School & District Management

Pressure Mounts on Michigan Chief to Step Down

By Robert C. Johnston — February 01, 2005 4 min read
  • Save to favorites
  • Print

Gov. Jennifer M. Granholm of Michigan surprised many in the state’s education establishment last month when she publicly declared that she wanted state Superintendent of Public Instruction Thomas D. Watkins Jr. out of office.

Late last week, it looked as though she was close to getting her wish.

In an interview Jan. 27, John C. Austin, a member of the state board of education, said a special board meeting had been called for Jan. 29 to address the situation. Being careful with his wording, Mr. Austin said: “If we haven’t worked out a solution before that, we would likely be seeing Tom’s departure.”

Just days earlier, Mr. Austin had put it more bluntly, saying that if Mr. Watkins, who was hired in 2001 by the elected state board, did not resign, “we would have to meet and fire him.”

As of press time late last week, the schools chief, who some say has angered the governor by raising concerns over how Michigan finances its schools, was still on the job.

“My focus has been to keep attention where it belongs, on the kids,” Mr. Watkins, who has refused to resign, said in an interview. “But some days, the attention swirls over who has the power, and that’s where we are.”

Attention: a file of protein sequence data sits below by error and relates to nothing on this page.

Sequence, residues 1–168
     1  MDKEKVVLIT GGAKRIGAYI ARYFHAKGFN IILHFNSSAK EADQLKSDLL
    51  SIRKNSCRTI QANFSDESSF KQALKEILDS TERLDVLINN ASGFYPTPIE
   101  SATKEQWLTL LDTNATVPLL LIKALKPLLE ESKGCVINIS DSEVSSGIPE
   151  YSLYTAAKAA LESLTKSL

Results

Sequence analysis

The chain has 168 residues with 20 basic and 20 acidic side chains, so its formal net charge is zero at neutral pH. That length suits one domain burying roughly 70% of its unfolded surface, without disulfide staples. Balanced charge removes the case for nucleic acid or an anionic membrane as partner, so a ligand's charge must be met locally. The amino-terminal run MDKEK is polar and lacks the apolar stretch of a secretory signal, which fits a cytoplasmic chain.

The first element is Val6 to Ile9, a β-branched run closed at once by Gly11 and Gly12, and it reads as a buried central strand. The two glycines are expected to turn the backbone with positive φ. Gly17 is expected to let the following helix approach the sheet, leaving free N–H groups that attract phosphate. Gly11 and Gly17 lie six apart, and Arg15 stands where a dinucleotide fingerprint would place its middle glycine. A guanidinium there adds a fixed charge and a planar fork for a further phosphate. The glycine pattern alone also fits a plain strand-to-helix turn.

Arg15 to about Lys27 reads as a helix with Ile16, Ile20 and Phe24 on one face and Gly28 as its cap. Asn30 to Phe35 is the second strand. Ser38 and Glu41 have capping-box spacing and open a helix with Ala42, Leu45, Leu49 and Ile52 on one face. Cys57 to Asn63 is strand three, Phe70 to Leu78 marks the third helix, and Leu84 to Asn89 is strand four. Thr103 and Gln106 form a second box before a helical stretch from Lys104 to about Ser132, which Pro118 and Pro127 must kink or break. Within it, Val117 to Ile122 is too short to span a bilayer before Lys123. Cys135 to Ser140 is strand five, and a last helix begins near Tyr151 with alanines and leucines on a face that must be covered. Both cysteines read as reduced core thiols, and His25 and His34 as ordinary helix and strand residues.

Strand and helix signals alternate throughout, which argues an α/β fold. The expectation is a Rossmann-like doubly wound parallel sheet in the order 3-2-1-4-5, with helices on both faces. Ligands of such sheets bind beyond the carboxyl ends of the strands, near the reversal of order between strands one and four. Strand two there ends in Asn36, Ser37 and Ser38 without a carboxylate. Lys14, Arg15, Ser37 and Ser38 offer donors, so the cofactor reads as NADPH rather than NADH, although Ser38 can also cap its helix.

Heated Exchanges

Many education observers in Michigan were caught off guard by the volley of exchanges that began when Gov. Granholm, a Democrat, was quoted in a Jan. 18 article in the Detroit Free Press as saying that Mr. Watkins “needs to resign for the good of the state board, for the good of public education.”

The governor, however, does not have the authority to fire the chief. That responsibility lies with the board, whose five Democrats and three Republicans are elected on statewide ballots.

The issue became increasingly murky on Jan. 3 after the board’s president, Democrat Kathleen Strauss, and its Republican secretary, Carolyn Curtin, signed an extension of Mr. Watkins’ contract through January 2006.